Concern about another terrorist episode in the United States has increased after the events in Boston, which led to the deaths of four people and wounded more than 260. But there has not been the upsurge in concern over such an attack that there was in the aftermath of Sept. 11, 2001, in New York City. The post-Boston polls have also shown that Americans’ personal sense of threat — as opposed to the generalized threat that the country faces — remains low.”
Comment: Ottawa Citizen: ‘Case shows many challenges facing security officials’ by Ronald Crelinsten. “Monday’s stunning announcement that the RCMP and its partner agencies have broken up a plot to derail a Via passenger train came just on the heels of the first major homegrown terrorist attack on U.S. soil since 9/11 and during the continuing story about the involvement of at least two young Canadians in the terrorist attack on a natural-gas plant in Algeria last January.
The range of terrorist plots and attacks underscores the challenge faced by counterterrorism practitioners in their efforts to protect the public from threats and violence. The fact that this particular plot appears to have been thwarted shows that our security forces are clearly doing something right.”
Comment: Foreign Policy: ‘Inspiration Inflation: We’re all to blame for giving al Qaeda’s magazine more credit than it’s due’ by J.M Berger. “NBC News reported this morning that the surviving Boston Marathon bomber, Dzhokhar Tsarnaev, told investigators that he and his elder brother, Tamerlan, learned to build their bomb by reading Inspire, which is published by Al Qaeda in the Arabian Peninsula.
At this point, it doesn’t really matter if NBC’s report is accurate or if Tsarnaev’s claim is true. Inspire has become the worst kind of self-fulfilling prophecy, in which our collective worries about terrorism magnified our enemies’ reach.”
Comment: San Diego Free Press: ‘Why Bomb the Boston Marathon(part two)? The Devil is in the Details’ by Chip Berlet. “Being an observant Muslim or even a “fundamentalist” Muslim who resents U.S. foreign policy actions in the Middle East and South Asia does not mean that one automatically supports theocracy, violence, or terrorism. The problem is maximized when Fundamentalism is tied to a totalitarian worldview, especially when mixed with apocalyptic or millennial excitement.
It depends on your version of your religion as to whether or not you see the return of the Messiah in the End Times as requiring some earthly assistance, including the use of force to ‘hasten the end.’ Most of the devout pray to hasten the return of the Messiah…but a few use bombs such as those that exploded in Boston.”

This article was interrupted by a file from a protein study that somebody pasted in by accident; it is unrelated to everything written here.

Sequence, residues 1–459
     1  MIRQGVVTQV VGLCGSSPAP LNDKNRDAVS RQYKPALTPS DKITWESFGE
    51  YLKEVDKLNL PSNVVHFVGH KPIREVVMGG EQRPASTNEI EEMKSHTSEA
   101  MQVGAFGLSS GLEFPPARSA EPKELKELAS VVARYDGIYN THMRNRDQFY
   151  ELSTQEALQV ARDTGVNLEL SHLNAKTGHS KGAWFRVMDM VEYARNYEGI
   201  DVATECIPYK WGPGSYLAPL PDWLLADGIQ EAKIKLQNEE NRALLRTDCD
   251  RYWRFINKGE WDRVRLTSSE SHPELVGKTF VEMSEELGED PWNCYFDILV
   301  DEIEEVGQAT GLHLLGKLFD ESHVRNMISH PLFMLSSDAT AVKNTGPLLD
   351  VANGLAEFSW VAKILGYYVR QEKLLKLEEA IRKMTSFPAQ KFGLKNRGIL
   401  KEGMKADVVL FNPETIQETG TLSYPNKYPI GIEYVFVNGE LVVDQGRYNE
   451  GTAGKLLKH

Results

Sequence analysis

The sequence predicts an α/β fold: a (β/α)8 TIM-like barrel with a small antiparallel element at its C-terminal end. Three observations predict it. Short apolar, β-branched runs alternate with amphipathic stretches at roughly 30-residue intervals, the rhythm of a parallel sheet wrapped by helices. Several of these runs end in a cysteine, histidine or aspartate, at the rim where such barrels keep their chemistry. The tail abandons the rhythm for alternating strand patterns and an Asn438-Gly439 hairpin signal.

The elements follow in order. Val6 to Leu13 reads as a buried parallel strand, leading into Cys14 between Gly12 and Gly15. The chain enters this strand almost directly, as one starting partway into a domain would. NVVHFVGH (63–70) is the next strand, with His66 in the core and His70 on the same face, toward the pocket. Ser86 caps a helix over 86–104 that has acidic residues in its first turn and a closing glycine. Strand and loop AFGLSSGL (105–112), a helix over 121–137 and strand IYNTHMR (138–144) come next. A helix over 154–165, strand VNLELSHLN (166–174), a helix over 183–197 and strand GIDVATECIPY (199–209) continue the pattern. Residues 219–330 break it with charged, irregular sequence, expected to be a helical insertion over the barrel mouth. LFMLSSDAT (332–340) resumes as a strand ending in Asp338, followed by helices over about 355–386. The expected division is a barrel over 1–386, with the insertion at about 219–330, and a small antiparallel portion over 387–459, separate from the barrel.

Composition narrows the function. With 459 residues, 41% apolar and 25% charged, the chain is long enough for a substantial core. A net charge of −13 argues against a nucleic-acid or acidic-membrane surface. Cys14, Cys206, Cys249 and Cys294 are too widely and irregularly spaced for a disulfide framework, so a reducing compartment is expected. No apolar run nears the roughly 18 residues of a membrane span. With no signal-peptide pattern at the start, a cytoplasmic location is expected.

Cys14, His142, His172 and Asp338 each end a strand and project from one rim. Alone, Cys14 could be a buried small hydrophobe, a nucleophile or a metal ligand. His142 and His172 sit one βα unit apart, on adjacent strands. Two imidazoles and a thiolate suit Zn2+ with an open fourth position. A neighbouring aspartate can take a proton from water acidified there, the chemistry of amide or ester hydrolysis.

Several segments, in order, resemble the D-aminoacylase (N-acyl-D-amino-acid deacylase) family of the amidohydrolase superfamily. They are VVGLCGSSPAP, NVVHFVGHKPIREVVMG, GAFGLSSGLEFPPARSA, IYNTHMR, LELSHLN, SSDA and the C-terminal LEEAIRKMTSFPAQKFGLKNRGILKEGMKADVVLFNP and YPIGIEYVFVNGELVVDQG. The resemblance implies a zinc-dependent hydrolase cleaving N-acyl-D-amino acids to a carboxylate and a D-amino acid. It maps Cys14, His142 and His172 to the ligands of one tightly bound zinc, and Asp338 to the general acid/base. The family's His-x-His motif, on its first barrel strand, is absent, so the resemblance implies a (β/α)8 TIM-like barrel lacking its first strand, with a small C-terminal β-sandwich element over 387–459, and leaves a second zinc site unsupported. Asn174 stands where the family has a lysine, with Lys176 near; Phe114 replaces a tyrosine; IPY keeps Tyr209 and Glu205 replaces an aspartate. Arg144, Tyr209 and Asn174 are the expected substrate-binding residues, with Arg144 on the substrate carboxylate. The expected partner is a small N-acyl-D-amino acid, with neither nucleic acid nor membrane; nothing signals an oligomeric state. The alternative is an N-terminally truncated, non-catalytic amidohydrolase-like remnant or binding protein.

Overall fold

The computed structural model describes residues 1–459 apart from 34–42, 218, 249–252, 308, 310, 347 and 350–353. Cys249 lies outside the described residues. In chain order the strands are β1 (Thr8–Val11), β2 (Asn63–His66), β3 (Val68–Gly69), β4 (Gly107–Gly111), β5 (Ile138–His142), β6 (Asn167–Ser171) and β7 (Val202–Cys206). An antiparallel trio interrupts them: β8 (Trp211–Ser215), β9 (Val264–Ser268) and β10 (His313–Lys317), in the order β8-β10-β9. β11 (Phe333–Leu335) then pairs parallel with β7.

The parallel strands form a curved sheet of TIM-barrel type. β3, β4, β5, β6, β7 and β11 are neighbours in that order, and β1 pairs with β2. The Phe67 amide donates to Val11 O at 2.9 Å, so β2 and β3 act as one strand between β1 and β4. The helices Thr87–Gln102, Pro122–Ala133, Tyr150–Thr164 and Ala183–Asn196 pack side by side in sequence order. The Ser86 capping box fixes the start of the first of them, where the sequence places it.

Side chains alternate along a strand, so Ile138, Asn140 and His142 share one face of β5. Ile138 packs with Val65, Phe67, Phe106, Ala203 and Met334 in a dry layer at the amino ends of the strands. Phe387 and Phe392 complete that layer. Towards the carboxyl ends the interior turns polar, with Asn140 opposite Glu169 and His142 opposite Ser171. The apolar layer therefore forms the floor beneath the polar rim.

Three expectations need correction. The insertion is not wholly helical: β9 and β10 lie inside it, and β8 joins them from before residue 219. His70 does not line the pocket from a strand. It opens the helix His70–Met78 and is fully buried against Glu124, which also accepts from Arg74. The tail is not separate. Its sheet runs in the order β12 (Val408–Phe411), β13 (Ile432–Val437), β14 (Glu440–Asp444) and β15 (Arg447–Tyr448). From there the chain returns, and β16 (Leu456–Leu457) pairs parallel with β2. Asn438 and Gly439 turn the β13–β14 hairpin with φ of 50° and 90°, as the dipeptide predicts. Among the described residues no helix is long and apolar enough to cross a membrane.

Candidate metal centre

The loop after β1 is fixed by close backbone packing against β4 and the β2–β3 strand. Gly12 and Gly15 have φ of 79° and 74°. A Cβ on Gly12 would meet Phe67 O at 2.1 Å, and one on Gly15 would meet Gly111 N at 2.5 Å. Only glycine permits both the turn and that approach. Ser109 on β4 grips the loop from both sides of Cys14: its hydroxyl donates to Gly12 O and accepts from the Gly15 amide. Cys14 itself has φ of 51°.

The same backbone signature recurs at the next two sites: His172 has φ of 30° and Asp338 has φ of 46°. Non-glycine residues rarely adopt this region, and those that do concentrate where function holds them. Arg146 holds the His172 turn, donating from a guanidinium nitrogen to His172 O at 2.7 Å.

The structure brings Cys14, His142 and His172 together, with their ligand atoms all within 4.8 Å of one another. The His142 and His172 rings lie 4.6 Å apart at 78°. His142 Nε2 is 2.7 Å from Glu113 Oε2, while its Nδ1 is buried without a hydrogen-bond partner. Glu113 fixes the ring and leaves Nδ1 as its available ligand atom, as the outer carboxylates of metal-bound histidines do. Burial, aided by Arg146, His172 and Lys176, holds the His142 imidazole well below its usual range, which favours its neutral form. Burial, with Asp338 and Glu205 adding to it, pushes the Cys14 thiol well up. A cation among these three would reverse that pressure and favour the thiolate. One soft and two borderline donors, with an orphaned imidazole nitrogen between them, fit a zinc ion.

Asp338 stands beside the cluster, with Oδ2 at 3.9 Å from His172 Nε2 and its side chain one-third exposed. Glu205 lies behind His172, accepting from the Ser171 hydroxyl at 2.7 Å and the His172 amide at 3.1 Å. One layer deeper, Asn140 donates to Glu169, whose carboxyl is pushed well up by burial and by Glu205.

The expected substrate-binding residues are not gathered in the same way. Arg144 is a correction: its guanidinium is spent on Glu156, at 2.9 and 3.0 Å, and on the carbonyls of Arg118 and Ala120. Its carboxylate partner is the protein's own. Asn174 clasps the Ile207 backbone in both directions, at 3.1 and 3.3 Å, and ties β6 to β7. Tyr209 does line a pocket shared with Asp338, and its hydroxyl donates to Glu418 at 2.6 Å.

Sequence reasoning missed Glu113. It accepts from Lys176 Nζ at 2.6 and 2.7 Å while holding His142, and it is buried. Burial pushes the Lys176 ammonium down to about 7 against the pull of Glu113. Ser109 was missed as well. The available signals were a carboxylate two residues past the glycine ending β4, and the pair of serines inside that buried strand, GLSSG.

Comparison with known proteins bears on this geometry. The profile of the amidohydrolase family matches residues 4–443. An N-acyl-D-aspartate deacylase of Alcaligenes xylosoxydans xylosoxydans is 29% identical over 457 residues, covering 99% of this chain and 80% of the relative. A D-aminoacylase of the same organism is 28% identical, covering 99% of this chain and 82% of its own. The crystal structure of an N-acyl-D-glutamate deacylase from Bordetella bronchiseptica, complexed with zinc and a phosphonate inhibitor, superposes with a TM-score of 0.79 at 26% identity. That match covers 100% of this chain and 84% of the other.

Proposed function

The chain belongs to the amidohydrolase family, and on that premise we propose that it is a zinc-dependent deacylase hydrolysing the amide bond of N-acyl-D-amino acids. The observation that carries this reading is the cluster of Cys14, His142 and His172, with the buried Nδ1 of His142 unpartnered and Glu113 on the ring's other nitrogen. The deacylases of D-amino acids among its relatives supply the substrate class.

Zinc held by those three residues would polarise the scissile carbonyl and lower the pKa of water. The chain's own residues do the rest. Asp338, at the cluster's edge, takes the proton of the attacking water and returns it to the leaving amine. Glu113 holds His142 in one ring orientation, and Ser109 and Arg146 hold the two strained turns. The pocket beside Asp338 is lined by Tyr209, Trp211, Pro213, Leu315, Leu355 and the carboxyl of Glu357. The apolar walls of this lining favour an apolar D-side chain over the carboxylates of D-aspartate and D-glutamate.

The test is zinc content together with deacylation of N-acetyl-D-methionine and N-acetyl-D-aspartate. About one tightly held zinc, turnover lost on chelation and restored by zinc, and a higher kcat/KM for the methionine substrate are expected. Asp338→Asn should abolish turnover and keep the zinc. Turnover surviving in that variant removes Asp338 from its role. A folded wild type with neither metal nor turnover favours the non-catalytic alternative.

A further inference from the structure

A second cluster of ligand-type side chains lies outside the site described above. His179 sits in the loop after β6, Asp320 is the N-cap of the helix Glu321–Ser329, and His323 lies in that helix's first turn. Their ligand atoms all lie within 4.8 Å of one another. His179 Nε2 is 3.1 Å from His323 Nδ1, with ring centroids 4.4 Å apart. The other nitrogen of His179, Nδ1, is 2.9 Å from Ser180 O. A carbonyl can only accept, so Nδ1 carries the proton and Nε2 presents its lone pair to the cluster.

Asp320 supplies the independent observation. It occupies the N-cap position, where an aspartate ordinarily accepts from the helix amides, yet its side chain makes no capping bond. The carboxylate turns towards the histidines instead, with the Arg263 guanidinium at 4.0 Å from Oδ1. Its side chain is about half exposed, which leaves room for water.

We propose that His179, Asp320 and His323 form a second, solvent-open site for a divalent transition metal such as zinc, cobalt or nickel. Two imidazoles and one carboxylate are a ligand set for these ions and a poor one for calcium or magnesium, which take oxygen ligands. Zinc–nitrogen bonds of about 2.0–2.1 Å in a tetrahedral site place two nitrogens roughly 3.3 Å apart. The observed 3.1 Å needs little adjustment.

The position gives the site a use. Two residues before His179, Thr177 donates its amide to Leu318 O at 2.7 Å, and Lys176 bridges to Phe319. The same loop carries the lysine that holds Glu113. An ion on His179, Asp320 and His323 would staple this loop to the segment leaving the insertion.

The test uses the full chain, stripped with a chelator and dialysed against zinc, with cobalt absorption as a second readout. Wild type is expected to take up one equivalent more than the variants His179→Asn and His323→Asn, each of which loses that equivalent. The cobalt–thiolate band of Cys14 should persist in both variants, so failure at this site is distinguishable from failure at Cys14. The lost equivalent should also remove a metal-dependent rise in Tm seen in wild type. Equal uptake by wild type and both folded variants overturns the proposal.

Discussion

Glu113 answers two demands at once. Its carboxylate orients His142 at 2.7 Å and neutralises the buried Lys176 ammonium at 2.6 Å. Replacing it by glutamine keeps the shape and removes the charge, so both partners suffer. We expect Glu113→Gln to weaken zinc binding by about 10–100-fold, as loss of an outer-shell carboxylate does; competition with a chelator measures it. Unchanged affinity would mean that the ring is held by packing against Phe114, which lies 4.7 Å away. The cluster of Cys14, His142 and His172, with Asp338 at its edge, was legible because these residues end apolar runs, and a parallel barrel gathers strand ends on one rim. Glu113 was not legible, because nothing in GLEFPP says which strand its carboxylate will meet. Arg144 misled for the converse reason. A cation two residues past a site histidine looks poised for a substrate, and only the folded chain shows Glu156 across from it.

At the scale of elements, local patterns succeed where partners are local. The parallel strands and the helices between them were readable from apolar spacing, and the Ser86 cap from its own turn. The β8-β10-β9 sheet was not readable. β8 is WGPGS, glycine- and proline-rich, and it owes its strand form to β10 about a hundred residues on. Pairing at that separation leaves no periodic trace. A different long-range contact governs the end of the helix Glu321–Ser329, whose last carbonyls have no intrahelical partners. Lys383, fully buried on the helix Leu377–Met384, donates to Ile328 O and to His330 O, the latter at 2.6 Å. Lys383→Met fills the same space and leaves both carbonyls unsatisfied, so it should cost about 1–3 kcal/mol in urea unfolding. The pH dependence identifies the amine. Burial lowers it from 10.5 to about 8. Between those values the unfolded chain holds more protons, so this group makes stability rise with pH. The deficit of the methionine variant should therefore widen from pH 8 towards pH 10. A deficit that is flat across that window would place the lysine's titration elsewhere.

Comment: The Guardian: ‘America’s greatest asset against radicalisation: Muslim Americans’ by Ed Husain. “Rightwing pundits are exploiting Boston to revive their pet policies on immigration control, and fueling hatred of Islam. Ann Coulter demanded Tamerlan Tsarnaev’s wife to be jailed for merely wearing a hijab, and Sean Hannity wanted to waterboard the suspect. Both wanted to kill, not arrest, try, and convict. No, do not dismiss them as ‘marginal’ – they opine on prime-time television in America’s largest cable television network, Fox News.
Many on the American left have an altogether different impulse: denial and deflection. Melissa Harris-Perry and her guests at MSNBC thought Islam had as much to do with Boston bombings as Ben Affleck movies. She was wrong.
Cooler heads must prevail. Between bigotry and denial, there is a sensible middle ground that offers ways forward.”
Comment: LA Times: ‘U.S. a nation of Islamophobes? Hardly’ by David A. Lehrer and Joe R. Hicks. “Three of Robin Abcarian’s Perspective columns last week concerned the ‘new worries’ of some American Muslims that the ‘torrent of post-9/11 harassment and hysteria will be repeated.’ Abcarian started writing about these ‘worries’ even before the suspected Boston Marathon bombers were identified as, in fact, Muslim Americans…
In fact, the evidence shows that American attitudes toward Muslims are the polar opposite of what Abcarian would have you believe. Between 100 and 200 anti-Muslim hate crimes have been committed against Muslims per year since 2002, according to the FBI — this, in a nation of about 315 million people and thousands upon thousands of crimes. Those crimes occurred over a period in which there was the Times Square bomber, the attempted “underwear bombing” of a passenger place, the Ft. Hood massacre and numerous other dreadful acts and planned acts linked in some way to radical Islam. Just this week Canadian authorities announced they had stopped a planned terrorist attack on a busy passenger train.”